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US President Barack said he will keep up international pressure for peace in Syria and an end to President Bashar Assad's regime.
US President Barack Obama said he will continue to add to the international pressure against Syria's brutal crackdown against protestors after meeting with Jordan's King Abdullah, according to Al Jazeera.
"We will continue to consult very closely with Jordan to create the kind of international pressure and environment that encourages the current Syrian regime to step aside," he said Tuesday in Washington after the meeting. "Unfortunately we're continuing to see unacceptable levels of violence inside that country."
The international community has been vocally against Syrian President Bashar Assad's regime but have stopped short of orchestrating military intervention as it had in Libya.
The Syrian government rejected a call from Qatar to for Arab troops to intervene in the country to end the violent crackdown on protesters and military defectors, the Foreign Ministry said Tuesday.
"The Syrian people reject any foreign intervention in its affairs, under any title, and would confront any attempt to infringe upon Syria's sovereignty and the integrity of its territories," the Foreign Ministry said in a statement. Such a move would "worsen the crisis... and pave the way for foreign intervention.”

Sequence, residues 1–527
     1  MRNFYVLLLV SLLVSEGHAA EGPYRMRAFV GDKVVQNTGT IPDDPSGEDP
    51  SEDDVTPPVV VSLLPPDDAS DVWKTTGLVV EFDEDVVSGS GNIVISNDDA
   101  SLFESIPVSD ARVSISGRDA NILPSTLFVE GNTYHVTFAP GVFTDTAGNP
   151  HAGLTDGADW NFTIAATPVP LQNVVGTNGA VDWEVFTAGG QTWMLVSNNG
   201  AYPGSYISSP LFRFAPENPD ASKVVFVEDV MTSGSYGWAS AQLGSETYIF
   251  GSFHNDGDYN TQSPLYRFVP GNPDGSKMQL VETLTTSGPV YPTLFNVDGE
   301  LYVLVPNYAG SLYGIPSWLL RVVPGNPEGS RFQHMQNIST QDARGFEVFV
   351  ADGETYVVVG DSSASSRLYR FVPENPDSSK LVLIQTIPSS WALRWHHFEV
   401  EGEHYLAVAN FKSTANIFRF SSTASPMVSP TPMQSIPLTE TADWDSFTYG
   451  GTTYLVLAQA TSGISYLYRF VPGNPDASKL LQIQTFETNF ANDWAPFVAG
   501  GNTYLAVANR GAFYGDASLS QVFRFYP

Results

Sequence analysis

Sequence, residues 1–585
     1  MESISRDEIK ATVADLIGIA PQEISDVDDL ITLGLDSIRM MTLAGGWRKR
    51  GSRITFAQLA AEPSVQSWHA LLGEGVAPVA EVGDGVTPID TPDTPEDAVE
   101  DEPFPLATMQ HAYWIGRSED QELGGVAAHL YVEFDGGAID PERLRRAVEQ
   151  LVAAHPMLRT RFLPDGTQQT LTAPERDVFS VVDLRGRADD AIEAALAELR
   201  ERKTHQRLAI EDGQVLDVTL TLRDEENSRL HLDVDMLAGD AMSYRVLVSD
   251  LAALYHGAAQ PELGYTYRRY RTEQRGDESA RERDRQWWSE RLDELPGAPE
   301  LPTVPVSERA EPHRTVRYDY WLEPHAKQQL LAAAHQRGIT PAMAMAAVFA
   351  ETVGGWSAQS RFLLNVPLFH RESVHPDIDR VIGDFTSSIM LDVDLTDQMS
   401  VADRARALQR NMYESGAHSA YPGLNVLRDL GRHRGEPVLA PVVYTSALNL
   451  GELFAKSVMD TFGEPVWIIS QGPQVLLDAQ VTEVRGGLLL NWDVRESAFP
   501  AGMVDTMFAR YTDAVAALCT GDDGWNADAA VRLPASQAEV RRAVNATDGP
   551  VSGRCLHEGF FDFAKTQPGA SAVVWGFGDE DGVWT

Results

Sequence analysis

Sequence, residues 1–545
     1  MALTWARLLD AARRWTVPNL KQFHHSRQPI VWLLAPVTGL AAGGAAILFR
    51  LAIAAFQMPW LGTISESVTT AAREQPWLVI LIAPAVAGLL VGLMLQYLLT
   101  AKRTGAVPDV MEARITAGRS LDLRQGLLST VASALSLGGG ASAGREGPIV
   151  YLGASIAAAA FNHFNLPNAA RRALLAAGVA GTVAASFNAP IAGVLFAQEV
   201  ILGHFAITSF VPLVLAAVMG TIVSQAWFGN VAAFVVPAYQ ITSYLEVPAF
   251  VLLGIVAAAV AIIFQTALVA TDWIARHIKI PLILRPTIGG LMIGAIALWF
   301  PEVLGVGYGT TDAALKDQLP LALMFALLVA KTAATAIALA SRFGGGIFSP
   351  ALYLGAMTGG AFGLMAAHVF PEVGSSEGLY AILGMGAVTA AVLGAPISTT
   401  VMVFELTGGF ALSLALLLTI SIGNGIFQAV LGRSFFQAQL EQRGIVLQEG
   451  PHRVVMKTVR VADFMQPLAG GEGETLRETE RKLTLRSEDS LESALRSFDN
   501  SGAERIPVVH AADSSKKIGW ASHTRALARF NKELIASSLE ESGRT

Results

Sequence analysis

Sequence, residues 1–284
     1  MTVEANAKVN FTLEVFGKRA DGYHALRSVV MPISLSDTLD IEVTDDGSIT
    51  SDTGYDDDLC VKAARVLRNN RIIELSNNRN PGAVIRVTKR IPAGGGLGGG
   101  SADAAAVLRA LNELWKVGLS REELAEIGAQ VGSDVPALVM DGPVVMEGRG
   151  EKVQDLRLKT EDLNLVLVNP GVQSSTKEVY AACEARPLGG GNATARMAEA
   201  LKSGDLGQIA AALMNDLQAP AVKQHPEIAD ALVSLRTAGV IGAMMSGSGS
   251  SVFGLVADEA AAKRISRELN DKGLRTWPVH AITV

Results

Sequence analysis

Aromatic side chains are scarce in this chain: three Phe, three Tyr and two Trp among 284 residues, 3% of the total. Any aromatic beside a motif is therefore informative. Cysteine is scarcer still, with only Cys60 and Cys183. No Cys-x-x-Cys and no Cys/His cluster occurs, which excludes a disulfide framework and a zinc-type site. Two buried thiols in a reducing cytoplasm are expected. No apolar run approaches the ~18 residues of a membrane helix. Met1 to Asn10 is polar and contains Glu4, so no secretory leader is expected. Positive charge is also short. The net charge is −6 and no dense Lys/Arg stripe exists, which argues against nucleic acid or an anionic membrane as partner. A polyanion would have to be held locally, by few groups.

Qatar leader Sheik Hamad bin Khalifa al Thani proposed on Sunday for Arab military intervention in Syria, “some troops should go to stop the killing.” The Emir of Qatar is the first Arab leader to propose Arab military intervention.
An Arab League observer mission tasked to end the violence in Syria has largely proven unsuccessful, leading to the resignation of several monitors, Reuters reported.
The presence of the Arab observers have done little to squelch the internal violence in Syria, with reports of new deaths on Tuesday ranging from 16 to 20 by various activist groups. More than 5,000 civilians have died since the government-revolt started in March.
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With the Syria mission facing a fast-approching deadline, the Arab League is scheduled to meet on Sunday to discuss the future of the monitors.
The BBC reported the organization is expected to announce Syria has failed to keep their part of the peace-plan agreement they signed last year.
Despite the tensions between Syria and the League, Assad is expected to allow the number of monitors to increase if the mission continues, but will deny them of fact-finding duties or visiting regions that are off-limits, according to Al Jazeera.
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